Do a search on Facebook for local buy and sell groups. There’s some specific to moms and children too! This is an easy way to get the items you need without the steep price tag. Since you can’t predict when items will be listed, start keeping an eye out for what you need early to give yourself some time. Remember, you shouldn’t buy all baby items used, such as cribs and car seats. Although it’s possible to find safe ones, it’s usually recommended against because you don’t know if they meet current safety standards.
#7 Insurance Coverage for Breastfeeding Supplies
If you don’t know, all new health plans must cover breastfeeding equipment and supplies for as long as the mother chooses to breastfeed. It also requires plans to cover prenatal and postnatal lactation support and counseling. These benefits are without cost-sharing, meaning plans may not apply co-payment, co-insurance or a deductible. That means, most employees have this support through their workplace. The exception is if your workplace has a plan that existed before March 23, 2010. If your employer hasn’t made any changes to their old plan, it’s considered “grandfathered” in and may not provide this benefit. Some plans have specific requirements for breast pumps, so be sure to inquire with your provider. For more information, you can read the National Women’s Law Center’s Tool Kit or the American College of Obstetricians and Gynecologists FAQ.
We recommend the Serenity Electric Breast Pump by Baby Doppler. It’s lightweight and quiet, making it ideal for on-the-go pumping for busy moms. It’s 2-phase extraction technology and adjustable 10-step suction ensure comfort while also taking the stress out of milk extraction. Get Your Serenity Pump today for $69.95.
#8 Take Advantage of Health Savings Accounts (HSAs)
Talk to your insurance provider about how you can use your HSA when it comes to pregnancy and breastfeeding. If you’re not familiar, an HSA lets you spend a certain amount of money on health expenses each year. The amount you contribute is not subject to federal income tax, meaning you’ll pay less taxes and have more to spend on other important baby things.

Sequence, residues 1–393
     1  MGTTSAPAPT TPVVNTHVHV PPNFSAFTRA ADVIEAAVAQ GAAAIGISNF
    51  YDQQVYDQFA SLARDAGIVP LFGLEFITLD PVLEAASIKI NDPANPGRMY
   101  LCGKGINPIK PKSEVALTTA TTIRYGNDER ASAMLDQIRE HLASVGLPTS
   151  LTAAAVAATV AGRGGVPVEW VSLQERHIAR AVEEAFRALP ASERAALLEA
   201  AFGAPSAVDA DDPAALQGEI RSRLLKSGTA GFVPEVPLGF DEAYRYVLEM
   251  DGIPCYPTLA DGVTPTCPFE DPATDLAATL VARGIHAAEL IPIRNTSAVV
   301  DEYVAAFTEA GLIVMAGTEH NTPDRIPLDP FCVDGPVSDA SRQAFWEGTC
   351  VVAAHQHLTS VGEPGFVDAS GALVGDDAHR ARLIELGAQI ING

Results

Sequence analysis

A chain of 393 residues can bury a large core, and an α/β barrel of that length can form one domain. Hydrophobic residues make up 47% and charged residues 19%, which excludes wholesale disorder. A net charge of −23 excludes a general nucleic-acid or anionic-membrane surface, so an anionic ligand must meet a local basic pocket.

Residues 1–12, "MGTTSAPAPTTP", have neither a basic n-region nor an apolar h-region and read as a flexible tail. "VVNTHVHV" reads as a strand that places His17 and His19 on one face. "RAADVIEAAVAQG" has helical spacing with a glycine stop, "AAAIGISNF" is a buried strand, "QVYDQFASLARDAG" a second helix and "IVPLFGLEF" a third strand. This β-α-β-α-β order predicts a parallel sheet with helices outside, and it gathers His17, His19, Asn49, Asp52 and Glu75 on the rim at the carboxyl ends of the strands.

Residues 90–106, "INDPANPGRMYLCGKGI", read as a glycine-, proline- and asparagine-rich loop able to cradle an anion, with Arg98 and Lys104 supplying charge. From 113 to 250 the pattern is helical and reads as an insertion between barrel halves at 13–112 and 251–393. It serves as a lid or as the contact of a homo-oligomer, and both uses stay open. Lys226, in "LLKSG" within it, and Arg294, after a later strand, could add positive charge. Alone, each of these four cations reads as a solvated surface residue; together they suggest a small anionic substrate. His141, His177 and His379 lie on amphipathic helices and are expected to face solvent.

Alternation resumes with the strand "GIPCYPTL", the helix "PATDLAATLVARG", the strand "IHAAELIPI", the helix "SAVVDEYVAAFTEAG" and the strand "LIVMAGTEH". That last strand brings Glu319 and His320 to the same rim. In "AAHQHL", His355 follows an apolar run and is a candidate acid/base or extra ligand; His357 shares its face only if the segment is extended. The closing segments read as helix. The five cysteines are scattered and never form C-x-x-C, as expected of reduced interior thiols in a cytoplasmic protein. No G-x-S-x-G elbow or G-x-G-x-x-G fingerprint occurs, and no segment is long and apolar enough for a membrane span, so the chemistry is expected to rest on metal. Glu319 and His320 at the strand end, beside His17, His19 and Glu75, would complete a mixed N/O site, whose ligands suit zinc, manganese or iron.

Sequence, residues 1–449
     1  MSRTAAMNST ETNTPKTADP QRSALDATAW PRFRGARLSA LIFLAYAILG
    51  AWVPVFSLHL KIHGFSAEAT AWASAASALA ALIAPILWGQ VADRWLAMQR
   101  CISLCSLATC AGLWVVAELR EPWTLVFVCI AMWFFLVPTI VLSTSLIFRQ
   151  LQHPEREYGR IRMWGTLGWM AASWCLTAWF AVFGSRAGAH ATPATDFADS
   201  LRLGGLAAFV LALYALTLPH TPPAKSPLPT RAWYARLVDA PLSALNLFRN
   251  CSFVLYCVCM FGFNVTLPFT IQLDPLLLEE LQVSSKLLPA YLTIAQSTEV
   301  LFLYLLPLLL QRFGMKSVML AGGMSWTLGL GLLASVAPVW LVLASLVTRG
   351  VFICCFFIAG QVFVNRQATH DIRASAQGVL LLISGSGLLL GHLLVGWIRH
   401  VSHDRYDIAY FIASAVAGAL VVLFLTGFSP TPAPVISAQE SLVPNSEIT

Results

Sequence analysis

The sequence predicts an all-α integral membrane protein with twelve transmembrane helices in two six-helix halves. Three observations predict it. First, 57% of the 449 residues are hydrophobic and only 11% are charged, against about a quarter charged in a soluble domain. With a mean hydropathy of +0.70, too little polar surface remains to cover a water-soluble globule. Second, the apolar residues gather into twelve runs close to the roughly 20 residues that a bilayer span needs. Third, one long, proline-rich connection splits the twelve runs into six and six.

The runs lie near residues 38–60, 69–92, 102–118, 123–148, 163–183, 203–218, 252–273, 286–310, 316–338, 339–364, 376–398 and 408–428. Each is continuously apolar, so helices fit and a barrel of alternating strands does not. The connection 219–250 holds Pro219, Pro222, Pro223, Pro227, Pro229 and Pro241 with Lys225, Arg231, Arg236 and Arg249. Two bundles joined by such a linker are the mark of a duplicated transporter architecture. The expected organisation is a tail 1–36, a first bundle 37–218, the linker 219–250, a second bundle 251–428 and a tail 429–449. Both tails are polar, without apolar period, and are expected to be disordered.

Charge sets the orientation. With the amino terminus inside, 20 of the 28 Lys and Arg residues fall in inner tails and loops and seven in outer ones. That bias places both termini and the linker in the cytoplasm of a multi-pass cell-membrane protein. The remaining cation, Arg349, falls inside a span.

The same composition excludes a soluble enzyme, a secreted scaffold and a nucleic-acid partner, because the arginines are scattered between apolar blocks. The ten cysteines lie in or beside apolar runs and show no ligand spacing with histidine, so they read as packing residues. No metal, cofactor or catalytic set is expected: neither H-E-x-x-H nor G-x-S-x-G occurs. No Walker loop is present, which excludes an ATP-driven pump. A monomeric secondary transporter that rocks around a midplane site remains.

Baby Doppler accepts HSA. You can use your contributions to purchase:
For more information, read our full guide on How to Use HSA + FSA
#9 Breastfeed Instead of Formula Feeding
We’ve written a lot about why breastfeeding is important:
- Breastfeeding vs Formula: Which is Better?
- Everything You Need to Know About Breastfeeding: For Complete Beginners
- Is It True That Breastfeeding Can Help Prevent Breast Cancer?
But another advantage is that it’s also cheaper. Although it may be more frustrating in the beginning, breastfeeding is free while formula will always be an ongoing cost. Plus, if you read the above two tips, breastfeeding supplies are likely covered through your insurance or HSA. For example, your HSA contributions are eligible to purchase the Serenity Breast Pump.
#10 Use Bra Extenders
Maternity bras can cost anywhere from $10 to $60+ for higher quality ones. Save yourself some money by using bra extenders instead if you can. For some women, their cup size may not change but their chest width does. If this is the case, you can use bra extenders, which are simply extra clasps that make your bra reach longer at the back. A pack of these costs less than one (or a set of) maternity bras.